He admits the question of whether Childersburg is the site of Coosa—the Native American city Hernando De Soto visited in 1540—is an academic one.  For instance, some scholars believe Coosa was at the site of present day Rome, Georgia.  But Atkinson has no doubt Childersburg is it, and he says there’s a mountain of circumstantial evidence that agrees with him. 

First, there’s the actual mountains. 

After Desoto left, fellow conquistador Tristan de Luna came to Coosa.  Actually, researchers have just uncovered artifacts from his 1559 settlement in Pensacola, potentially complicating St. Augustine’s 1565 claim further.  When De Luna made his way north to Coosa this is how he described the view.

“He said we’re looking at a mountain range,” Atkinson says, “that begins in the east and runs to the west we don’t know where it begins or where it ends the valley is full of savannahs.”

Next, de Luna says the site is bound by two rivers. 

“So this is the site of old Coosa because you’ve got your Tassahatchee Creek there, and you’ve got down the Talladega Creek here.”

He also points to an account from a man named George Stiggins.  His mother was from the Natchez tribe and his father was a European.  As a boy in the early 1800s, older members of the tribe took Stiggins to a fortification where De Soto stayed.

“And when they told that legend story and showed him the actual fortification site where De Soto camped,” Atkinson says, “and told him and he says in his writings that there was a large caverns not far away.”

Just outside Childersburg are the Desoto Caverns, a cathedral of stalactites and stalagmites stretching 12 stories high.  There’s no evidence De Soto ever visited the caverns, but the owners thought the site might draw more visitors with his name.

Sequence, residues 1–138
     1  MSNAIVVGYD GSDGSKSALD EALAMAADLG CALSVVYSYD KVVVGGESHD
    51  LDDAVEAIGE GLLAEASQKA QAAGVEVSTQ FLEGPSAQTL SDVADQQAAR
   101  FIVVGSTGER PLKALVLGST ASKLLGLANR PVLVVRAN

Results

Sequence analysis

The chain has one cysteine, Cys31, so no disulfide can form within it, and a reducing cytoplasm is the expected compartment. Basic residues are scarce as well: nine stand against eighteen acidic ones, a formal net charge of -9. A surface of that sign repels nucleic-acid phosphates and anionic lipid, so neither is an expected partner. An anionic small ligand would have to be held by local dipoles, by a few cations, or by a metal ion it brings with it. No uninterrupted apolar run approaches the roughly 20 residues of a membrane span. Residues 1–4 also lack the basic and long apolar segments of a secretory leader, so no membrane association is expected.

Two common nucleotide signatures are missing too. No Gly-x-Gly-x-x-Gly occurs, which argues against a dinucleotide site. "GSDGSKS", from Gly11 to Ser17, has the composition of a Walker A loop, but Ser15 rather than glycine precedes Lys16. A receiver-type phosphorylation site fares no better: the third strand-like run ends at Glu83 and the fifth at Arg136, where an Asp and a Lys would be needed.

But even if all of Atkinson’s evidence does point to Childersburg, Shaver still doesn’t think it qualifies as the country’s oldest.

“It’s pretty clear to me that, assuming there’s archaeological evidence, that De Soto camped there for a month among the Indians which is what every explorer who came to this country did.  That doesn’t make a city.”

So it comes down to how you judge the argument.  Atkinson says De Soto’s expedition to Coosa left European settlers, and there has been a city that has grown, shrunk and shifted with the times up to the present day.  St. Augustine began 25 years later, but Shaver stresses when it began, it began as a colony. 

And that question: primacy or purpose is something historians and hometown partisans will likely be fighting over forever.

Nick Evans came to Tallahassee to pursue a masters in communications at Florida State University. He graduated in 2014, but not before picking up an internship at WFSU. While he worked on his degree Nick moved from intern, to part-timer, to full-time reporter. Before moving to Tallahassee, Nick lived in and around the San Francisco Bay Area for 15 years. He listens to far too many podcasts and is a die-hard 49ers football fan. When Nick’s not at work he likes to cook, play music and read.